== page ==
James Politi in Washington and Peter Wells in New York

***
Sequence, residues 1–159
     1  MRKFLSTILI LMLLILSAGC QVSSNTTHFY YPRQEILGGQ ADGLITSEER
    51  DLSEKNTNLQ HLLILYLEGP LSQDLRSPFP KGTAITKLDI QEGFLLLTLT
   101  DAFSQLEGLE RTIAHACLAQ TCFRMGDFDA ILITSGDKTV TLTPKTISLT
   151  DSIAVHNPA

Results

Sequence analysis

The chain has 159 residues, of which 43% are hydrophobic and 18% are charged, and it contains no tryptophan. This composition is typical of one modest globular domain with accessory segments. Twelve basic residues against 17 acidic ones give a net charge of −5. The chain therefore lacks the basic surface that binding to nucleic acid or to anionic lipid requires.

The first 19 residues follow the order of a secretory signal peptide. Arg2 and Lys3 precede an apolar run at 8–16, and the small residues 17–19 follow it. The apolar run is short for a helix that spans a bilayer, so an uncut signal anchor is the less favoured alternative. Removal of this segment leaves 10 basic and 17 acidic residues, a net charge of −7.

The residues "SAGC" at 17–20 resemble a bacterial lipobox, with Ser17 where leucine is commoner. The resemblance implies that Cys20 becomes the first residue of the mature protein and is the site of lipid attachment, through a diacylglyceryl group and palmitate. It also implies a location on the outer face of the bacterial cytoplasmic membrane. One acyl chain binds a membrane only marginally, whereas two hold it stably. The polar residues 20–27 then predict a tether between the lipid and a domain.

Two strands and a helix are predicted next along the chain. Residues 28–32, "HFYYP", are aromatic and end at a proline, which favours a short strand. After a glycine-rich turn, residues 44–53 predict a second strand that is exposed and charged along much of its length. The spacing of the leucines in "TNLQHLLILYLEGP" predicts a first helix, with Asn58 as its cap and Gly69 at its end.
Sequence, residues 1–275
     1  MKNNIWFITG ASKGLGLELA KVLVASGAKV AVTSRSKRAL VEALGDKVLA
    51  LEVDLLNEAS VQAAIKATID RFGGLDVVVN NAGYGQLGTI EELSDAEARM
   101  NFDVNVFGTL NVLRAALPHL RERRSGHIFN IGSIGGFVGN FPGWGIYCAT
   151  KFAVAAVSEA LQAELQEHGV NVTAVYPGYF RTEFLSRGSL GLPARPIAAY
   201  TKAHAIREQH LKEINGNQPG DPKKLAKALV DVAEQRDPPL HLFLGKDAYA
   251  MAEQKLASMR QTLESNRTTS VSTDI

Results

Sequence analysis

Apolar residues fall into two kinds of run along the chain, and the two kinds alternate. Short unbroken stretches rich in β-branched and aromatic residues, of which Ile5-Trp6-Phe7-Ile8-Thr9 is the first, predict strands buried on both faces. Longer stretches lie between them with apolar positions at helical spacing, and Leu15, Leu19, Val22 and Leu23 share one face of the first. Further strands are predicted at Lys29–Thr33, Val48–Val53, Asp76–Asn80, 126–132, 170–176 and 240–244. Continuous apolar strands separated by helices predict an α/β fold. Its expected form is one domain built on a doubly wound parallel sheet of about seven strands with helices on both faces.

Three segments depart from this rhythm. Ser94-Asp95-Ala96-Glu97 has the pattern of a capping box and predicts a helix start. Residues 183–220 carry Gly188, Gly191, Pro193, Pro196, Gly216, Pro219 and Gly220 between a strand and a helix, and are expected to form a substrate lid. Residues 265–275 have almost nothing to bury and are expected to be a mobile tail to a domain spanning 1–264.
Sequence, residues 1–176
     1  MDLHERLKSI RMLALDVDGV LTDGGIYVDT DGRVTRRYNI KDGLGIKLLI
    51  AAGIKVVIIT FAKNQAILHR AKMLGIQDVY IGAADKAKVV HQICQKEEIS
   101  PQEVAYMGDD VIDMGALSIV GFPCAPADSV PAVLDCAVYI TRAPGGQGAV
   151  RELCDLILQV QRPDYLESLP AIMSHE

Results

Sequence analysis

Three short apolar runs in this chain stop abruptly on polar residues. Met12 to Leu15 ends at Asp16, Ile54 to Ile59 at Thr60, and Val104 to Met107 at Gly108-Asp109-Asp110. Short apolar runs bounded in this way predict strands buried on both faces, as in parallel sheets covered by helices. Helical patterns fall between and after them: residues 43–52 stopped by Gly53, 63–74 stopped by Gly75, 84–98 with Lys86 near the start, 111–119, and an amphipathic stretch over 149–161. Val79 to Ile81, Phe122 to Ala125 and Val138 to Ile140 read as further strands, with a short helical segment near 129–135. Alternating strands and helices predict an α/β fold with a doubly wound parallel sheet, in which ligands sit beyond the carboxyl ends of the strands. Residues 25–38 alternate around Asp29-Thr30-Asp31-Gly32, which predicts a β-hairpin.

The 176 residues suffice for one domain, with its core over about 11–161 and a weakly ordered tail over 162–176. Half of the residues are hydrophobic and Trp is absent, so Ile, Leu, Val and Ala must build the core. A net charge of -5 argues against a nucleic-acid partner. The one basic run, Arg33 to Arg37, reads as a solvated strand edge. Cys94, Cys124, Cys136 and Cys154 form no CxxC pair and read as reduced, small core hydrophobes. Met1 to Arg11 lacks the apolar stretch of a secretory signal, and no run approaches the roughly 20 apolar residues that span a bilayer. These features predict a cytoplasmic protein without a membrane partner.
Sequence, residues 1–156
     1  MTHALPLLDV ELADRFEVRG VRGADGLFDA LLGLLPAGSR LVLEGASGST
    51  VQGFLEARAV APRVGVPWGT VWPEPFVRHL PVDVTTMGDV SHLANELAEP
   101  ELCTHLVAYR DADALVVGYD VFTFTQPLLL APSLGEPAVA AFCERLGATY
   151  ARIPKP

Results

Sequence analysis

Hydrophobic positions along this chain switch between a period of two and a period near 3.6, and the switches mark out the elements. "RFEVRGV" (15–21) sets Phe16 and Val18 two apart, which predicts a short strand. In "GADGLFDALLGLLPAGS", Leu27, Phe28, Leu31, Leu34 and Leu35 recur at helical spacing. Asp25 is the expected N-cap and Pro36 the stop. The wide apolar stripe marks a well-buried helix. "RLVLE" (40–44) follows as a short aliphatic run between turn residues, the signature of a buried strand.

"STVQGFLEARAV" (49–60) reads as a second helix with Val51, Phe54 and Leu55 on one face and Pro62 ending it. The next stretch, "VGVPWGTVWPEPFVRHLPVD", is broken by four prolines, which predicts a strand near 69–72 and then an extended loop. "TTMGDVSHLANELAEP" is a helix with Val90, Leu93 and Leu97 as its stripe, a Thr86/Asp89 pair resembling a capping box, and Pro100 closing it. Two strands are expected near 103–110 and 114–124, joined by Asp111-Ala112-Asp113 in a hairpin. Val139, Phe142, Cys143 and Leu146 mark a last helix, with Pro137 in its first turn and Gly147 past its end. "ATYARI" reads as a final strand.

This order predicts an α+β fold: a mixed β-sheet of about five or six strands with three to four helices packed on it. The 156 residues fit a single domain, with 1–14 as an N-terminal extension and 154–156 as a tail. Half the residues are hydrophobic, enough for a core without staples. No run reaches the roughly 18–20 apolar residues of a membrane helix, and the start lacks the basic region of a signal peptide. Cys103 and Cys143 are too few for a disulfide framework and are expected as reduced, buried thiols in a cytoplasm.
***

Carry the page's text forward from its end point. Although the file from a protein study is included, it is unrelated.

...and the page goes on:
The Trump administration is considering aggressive steps to limit financial investments between the US and China, which would represent an escalation in the trade war ahead of a new round of negotiations between the countries next month. According to people familiar with the matter, Donald Trump’s advisers are weighing measures including stopping Chinese companies from listing on US exchanges, and curbing the ability of US government pension funds to make investments in Chinese equities. An expansion of the US economic conflict into the arena of capital markets has long been pushed by China hawks in Washington, particularly Marco Rubio, the Republican senator from Florida, and like-minded officials within the administration. However, it has been resisted by other Trump advisers who fear that it could deal a fresh blow to markets and undermine investor confidence. The Trump administration’s move to actively consider cutting the ties binding China to Wall Street was reported by Bloomberg on Friday, prompting a sharp drop in the shares of New York-listed Chinese companies and a weakening of the renminbi. Alibaba was down 4.2 per cent and Baidu dropped 1.7 per cent. The depository receipts of Tencent and online retailer JD.com were down 1.6 per cent and 3.4 per cent, respectively. China’s renminbi, traded in offshore foreign exchange markets outside the mainland, weakened by as much as 0.4 per cent — a sizeable move for the currency — as the news broke. It tempered that decline to be 0.2 per cent softer at 7.1372 per US dollar. After a flurry of tariff escalations rattled markets in August, US and Chinese officials have been exploring ways to reduce tensions ahead of next month’s new round of negotiations, with Beijing moving to boost its purchases of US farm goods in a gesture of goodwill towards Washington. Potential limits would also come in the wake of China’s decision this month it would scrap caps on foreign investors purchases of domestic stocks and bonds. Action by the Trump administration could therefore stymie the potential flow of international capital into the Asian country.